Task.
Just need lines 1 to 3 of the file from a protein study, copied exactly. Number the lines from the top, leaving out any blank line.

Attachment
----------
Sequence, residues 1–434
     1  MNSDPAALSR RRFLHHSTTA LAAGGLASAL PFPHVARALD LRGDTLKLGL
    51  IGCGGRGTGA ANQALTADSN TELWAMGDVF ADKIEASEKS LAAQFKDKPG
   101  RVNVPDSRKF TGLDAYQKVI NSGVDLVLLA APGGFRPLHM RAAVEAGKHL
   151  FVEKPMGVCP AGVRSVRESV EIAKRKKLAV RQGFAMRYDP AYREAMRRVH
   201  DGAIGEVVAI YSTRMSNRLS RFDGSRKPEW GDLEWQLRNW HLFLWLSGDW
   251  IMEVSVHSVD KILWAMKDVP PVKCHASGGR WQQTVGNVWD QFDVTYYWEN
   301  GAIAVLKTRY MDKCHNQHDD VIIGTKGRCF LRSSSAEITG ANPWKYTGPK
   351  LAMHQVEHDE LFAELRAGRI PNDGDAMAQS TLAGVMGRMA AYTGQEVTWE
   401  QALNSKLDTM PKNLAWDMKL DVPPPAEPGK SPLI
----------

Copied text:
Sequence, residues 1–434
     1  MNSDPAALSR RRFLHHSTTA LAAGGLASAL PFPHVARALD LRGDTLKLGL
    51  IGCGGRGTGA ANQALTADSN TELWAMGDVF ADKIEASEKS LAAQFKDKPG